South African Web users are flocking to international social networking sites such as MySpace and YouTube, which means that these Web sites offer local marketers a host of exciting new advertising opportunities.

That’s according to Jacqui Boyd, media director at Acceleration. She says that social networking sites such as MySpace, YouTube, Friendster, LiveJournal, LinkedIn, Flickr and FaceBook continue to grow fast and already rank among the most popular sites on the World Wide Web.

“Our research shows that these Web sites are attracting millions of page views from South African Internet users each month. MySpace and YouTube already rival the largest local portals for popularity among South African Internet users, with more users discovering them with each day that passes,” says Boyd.

The trend underlines how important it is for South African advertisers to keep the global nature of the Internet in mind when they are planning and executing their online campaigns, she adds.

Social networking sites have turned into a big business in the US, with some market watchers predicting that they could eventually become bigger and more heavily trafficked than search heavyweights, Google and Yahoo!. Google recently bought popular online video site YouTube for $1.65 billion in stock to propel itself into the social networking world.

Marketers will spend about $280 million on advertising and marketing on US networking sites this year, which is expected to grow to nearly $1.9 billion by 2010, according to eMarketer.

YouTube users download more than 100 million videos (many of which are short videos created by the site's users) each day from the site. MySpace, already the sixth most popular Web site on the Web, hosted more than 100 million member profiles by August this year. MySpace’s 30 billion page views are second only to Yahoo.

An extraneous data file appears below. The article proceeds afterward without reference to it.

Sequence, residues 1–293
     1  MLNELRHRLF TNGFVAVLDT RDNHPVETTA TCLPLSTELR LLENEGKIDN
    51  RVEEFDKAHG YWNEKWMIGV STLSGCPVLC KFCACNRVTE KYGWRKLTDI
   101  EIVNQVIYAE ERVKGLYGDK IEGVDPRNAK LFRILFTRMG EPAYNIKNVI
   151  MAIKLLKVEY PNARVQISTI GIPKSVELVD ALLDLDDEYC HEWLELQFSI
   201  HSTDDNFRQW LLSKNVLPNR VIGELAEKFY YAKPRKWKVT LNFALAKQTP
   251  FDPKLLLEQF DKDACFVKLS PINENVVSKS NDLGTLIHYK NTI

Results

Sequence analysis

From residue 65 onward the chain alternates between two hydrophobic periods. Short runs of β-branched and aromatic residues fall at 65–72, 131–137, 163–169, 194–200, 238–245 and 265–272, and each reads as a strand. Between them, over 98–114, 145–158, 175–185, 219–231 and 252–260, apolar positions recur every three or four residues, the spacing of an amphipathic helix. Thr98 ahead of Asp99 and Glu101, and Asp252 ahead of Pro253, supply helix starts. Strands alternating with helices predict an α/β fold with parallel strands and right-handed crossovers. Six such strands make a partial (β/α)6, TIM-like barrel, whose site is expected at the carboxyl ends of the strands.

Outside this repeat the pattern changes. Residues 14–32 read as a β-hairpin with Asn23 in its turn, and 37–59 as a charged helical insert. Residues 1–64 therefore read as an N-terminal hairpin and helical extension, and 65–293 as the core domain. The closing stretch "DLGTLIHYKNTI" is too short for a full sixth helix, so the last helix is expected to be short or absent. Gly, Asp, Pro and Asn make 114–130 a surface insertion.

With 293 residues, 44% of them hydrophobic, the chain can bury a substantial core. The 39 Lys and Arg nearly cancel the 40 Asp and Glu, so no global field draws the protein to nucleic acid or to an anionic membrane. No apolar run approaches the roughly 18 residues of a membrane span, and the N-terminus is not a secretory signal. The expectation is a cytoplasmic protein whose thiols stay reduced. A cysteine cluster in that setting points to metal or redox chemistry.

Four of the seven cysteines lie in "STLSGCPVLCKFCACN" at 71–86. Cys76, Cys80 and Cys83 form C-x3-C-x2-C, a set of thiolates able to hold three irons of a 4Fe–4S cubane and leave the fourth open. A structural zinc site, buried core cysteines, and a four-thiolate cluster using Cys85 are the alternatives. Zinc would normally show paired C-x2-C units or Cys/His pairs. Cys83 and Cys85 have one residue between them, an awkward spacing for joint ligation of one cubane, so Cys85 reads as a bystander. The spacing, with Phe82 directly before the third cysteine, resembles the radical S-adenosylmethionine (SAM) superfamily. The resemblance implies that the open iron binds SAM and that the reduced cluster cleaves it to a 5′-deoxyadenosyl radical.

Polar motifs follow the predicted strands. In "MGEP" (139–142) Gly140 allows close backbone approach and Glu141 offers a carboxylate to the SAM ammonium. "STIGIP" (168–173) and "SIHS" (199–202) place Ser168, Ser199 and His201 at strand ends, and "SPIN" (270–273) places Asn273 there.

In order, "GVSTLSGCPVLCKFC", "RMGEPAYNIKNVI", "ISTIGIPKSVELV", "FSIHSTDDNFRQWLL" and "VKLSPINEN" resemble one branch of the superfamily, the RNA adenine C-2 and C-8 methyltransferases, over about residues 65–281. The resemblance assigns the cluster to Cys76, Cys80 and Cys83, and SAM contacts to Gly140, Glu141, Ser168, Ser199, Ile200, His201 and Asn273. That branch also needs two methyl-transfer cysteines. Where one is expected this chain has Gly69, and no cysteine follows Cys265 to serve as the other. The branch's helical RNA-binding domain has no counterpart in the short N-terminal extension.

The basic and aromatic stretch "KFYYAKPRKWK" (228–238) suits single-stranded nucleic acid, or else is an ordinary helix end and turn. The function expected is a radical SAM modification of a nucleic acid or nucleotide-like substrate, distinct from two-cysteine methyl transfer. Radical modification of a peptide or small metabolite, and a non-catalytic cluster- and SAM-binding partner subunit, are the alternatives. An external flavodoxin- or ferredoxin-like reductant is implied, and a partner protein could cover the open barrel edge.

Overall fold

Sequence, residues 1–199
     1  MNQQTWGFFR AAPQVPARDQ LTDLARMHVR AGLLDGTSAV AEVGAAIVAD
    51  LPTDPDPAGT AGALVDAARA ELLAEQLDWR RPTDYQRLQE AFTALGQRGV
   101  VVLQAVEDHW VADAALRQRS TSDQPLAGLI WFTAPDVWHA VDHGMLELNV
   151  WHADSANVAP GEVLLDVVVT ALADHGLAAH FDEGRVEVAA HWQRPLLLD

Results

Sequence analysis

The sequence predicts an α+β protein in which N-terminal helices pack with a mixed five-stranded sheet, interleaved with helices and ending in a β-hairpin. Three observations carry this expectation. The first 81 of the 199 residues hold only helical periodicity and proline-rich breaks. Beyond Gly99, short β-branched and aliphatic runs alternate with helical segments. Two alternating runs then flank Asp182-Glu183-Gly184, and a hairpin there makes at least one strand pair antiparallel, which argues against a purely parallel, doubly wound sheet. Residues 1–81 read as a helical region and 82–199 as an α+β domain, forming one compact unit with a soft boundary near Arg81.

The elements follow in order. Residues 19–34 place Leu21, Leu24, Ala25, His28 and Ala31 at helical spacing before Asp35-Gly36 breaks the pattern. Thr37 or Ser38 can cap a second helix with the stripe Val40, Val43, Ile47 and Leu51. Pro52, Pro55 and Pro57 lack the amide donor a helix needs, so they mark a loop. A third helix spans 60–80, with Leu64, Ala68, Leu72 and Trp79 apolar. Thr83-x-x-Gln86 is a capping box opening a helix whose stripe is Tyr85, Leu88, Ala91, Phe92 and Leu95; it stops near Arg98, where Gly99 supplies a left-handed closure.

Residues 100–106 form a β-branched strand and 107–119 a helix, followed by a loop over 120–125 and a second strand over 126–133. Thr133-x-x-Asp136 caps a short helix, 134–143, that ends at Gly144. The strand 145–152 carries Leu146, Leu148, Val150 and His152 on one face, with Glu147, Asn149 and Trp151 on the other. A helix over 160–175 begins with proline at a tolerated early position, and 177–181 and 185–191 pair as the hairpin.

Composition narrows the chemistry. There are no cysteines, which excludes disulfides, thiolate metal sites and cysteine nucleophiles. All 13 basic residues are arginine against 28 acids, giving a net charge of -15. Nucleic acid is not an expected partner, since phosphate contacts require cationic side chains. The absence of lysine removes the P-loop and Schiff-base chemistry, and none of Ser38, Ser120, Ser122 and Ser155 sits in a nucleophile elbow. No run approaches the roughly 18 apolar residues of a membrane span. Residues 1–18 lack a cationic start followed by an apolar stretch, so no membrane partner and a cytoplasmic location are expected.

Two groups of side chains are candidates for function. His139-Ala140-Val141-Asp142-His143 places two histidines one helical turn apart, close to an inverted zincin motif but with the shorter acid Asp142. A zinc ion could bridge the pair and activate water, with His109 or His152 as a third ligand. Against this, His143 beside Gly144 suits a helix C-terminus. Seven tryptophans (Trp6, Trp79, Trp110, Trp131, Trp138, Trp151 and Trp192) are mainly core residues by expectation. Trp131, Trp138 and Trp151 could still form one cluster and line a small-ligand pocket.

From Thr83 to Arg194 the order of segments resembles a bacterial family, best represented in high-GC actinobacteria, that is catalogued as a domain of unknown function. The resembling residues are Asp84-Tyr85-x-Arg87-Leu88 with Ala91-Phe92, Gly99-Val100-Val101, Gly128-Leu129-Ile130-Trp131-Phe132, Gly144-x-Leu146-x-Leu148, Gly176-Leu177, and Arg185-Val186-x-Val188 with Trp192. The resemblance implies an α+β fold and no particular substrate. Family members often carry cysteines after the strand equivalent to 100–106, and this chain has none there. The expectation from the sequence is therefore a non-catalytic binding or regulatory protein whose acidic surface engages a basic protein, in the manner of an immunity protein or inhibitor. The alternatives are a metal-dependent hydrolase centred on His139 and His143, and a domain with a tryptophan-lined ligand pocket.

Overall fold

“South African brands can target local users on international social networking portals with geo-targeting. Apart from traditional banner adverts, most social networking portals also allow advertisers to target registered users that fall within a specific demographic such as age group,” says Boyd.

“Social networking sites also allow companies to sponsor specific categories or types of content that are aligned with their brands or likely to attract people within their target markets. For example, a company might want its ad to be served to users who download Paris Hilton or Madonna music videos,” Boyd adds.

“Social networking sites are certainly no longer the exclusive domain of teens, although age demographics vary widely between the various portals” says Boyd.

Boyd notes that more than half the visitors to Myspace are now 35 or over, up from less than 40 percent last year. The proportion of the audience aged between 12 and 24 has fallen to 30 percent from 44 percent, according to a recent comScore Media Metrix survey.

Concludes Boyd: “Some local brands are already experimenting with social networking sites with some of their online advertising budget and are surprised at just how many South Africans are using these sites to communicate with friends, create content, entertain themselves and access information. For the right brand, devoting some of the online budget to social networking sites can provide great returns.”